What are the pros and cons to using a PO Box for business address? (US Business)

Amy Anderson Founder/CEO

March 12th, 2017

My business is web based only so I don't have a physical address tied to the business. When I registered the business with the state and IRS I used my home address; however I currently rent and plan to move fairly soon. Would it be better to pay for a PO Box and use that as my business address so I don't need to re-register if I decide to move again in the future? Aside from the annual cost of a PO Box vs periodic cost of changing my address with the state, are there any other pros or cons of using a PO Box as the address of my business? Is there a better option I am not thinking of? I currently receive almost no mail for my business and I don't expect that to change much so I am only considering a PO Box because I want a "permanent" address I can use for the business where addresses are required.

One thing I've been adviced of is that Google search may be more optimized if I have a street address vs. PO Box but since this isn't a business anyone will visit in person I am not sure if that is applicable and if so maybe I will just list my home addresss on the site for SEO purposes.

Thank you in advance for sharing your experiences.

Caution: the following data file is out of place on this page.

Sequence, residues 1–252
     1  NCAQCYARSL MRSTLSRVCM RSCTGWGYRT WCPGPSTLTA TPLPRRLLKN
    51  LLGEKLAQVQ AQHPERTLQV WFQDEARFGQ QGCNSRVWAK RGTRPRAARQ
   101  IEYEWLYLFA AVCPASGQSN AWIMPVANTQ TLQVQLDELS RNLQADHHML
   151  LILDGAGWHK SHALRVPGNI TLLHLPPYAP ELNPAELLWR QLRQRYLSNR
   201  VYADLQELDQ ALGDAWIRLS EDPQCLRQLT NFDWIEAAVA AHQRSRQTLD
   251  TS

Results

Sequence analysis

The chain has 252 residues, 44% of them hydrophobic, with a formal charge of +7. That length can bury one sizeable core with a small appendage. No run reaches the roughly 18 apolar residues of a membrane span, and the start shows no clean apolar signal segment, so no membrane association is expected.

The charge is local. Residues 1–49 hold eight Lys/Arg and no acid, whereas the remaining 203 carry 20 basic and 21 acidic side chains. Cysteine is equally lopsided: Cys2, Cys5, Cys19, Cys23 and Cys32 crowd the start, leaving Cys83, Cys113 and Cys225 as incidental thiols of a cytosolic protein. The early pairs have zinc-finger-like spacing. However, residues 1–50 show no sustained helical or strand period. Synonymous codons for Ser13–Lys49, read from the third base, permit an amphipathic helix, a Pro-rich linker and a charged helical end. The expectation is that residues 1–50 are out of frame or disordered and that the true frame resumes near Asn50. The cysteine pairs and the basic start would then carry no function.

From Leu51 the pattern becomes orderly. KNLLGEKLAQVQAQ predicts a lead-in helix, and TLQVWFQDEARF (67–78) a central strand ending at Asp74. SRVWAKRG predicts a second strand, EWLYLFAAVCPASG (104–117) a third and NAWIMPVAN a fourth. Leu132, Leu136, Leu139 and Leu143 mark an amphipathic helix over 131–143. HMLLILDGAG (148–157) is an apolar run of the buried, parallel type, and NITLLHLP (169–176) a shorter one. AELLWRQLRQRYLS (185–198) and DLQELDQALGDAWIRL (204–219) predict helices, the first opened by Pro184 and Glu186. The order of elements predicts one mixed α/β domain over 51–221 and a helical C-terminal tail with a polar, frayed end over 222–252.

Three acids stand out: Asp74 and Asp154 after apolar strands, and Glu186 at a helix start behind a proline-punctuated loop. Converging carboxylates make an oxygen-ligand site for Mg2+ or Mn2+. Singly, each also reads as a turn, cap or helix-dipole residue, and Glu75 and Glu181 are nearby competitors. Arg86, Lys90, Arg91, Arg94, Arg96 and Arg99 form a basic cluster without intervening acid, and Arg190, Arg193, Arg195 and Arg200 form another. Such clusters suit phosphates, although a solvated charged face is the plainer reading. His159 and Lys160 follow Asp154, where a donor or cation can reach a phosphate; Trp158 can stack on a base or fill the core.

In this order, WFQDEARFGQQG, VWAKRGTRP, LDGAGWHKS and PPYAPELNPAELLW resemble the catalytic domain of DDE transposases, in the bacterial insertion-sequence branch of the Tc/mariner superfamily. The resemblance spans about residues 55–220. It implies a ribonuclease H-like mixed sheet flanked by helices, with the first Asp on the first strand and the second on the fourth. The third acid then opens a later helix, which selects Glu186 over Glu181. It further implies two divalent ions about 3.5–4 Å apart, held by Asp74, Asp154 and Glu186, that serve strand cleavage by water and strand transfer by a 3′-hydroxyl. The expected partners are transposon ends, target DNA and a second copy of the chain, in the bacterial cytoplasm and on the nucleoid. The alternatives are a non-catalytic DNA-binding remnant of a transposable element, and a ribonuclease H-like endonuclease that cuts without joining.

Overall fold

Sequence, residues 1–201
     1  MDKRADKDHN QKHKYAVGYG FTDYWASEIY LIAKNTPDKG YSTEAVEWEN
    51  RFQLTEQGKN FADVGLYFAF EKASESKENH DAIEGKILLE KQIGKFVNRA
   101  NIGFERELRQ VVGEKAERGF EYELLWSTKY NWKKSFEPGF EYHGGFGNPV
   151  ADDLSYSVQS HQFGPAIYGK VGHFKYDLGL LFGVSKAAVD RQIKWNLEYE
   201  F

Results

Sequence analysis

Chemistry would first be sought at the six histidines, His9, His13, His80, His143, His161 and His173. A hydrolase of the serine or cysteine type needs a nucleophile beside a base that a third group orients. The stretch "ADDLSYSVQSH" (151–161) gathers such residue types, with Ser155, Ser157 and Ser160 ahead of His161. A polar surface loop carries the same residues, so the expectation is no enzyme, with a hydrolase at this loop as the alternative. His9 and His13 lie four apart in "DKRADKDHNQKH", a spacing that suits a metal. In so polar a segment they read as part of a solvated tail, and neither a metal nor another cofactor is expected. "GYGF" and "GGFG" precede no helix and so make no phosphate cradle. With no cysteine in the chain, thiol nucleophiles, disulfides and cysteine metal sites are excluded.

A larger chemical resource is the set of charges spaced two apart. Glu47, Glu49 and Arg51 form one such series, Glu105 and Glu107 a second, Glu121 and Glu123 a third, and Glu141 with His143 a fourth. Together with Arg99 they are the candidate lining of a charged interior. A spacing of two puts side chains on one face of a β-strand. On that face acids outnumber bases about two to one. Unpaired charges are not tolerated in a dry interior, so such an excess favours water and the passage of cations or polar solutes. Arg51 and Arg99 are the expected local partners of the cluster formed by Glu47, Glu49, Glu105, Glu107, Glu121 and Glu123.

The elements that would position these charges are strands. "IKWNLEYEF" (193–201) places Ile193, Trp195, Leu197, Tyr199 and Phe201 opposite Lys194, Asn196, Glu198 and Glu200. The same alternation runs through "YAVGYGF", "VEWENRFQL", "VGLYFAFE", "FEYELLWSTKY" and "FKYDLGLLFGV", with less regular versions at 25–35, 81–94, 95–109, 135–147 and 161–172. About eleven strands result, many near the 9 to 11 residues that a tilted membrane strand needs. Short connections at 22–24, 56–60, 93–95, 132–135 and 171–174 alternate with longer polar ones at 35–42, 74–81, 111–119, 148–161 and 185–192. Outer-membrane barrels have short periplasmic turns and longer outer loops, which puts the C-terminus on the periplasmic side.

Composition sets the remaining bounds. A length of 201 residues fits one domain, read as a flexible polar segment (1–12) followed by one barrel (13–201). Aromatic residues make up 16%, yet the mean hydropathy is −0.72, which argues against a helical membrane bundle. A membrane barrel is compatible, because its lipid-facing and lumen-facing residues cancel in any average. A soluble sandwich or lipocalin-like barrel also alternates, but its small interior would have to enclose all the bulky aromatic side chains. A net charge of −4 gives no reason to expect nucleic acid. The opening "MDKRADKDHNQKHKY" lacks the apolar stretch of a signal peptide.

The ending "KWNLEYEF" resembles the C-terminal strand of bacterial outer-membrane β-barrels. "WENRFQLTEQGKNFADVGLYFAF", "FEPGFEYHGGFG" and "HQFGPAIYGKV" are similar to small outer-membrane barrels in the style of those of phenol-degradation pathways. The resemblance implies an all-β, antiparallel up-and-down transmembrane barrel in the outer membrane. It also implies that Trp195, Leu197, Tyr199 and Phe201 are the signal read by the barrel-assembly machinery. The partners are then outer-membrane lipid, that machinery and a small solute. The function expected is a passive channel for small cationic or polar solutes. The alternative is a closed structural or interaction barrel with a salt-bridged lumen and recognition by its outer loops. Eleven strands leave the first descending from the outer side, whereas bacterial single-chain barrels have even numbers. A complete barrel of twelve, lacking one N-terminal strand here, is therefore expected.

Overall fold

Chicke Fitzgerald 𝗘𝗻𝗴𝗮𝗴𝗲𝗺𝗲𝗻𝘁 𝗲𝘅𝗽𝗲𝗿𝘁 𝘄𝗶𝘁𝗵 𝗮 𝗳𝗼𝗰𝘂𝘀 𝗼𝗻 𝗴𝗶𝘃𝗶𝗻𝗴. 💡 I zig where others zag #͏z͏i͏g͏w͏i͏t͏h͏c͏h͏i͏c͏k͏e

March 12th, 2017

Amy, if you pay for a PO box at somewhere like the UPS store, many of them use an actual street address and a suite number. The downside of this is that if you want to change locations, you can't do an address change with the post office, as it is a registered mail handler.

You are better with an actual PO box in that case if you aren't planning on staying in the same area, as if you switch locales, you can forward it from one actual PO box to another.

Jenna Waites Helping Business Owners Streamline Processes so You can Make More and Work Less!

March 13th, 2017

The USPS (post office) now offers the same service as UPS in that you CAN use a physical address with your PO Box. They will also receive and sign for packages from any carrier if you would like them to.

I highly recommend it, not just from a cost standpoint (which I feel is minimal in the grand scheme of a business), but just for the stability of your business. I also advise having any and all business mail go there (banks statements, federal and state notices, etc). Therefore you do not have to worry about ever updating your address whenever you move.

I also like it for security reasons. Your business address is a matter of public record. I personally do not want my home address out on the internet for anyone one to find.

Paul Garcia marketing exec & business advisor

March 13th, 2017

I've done both. Generally when a PO Box is used for an address, the consumer assumes you are a home-based business or a one person shop. This may generate less trust. While a PO Box offers some stability in addressing, this is a convenience for you only. Many circumstances require you to use a physical street address, not just a correspondence address, and this includes the CAN SPAM Act. So if you are promoting anything via email, you must have a physical address as part of the message.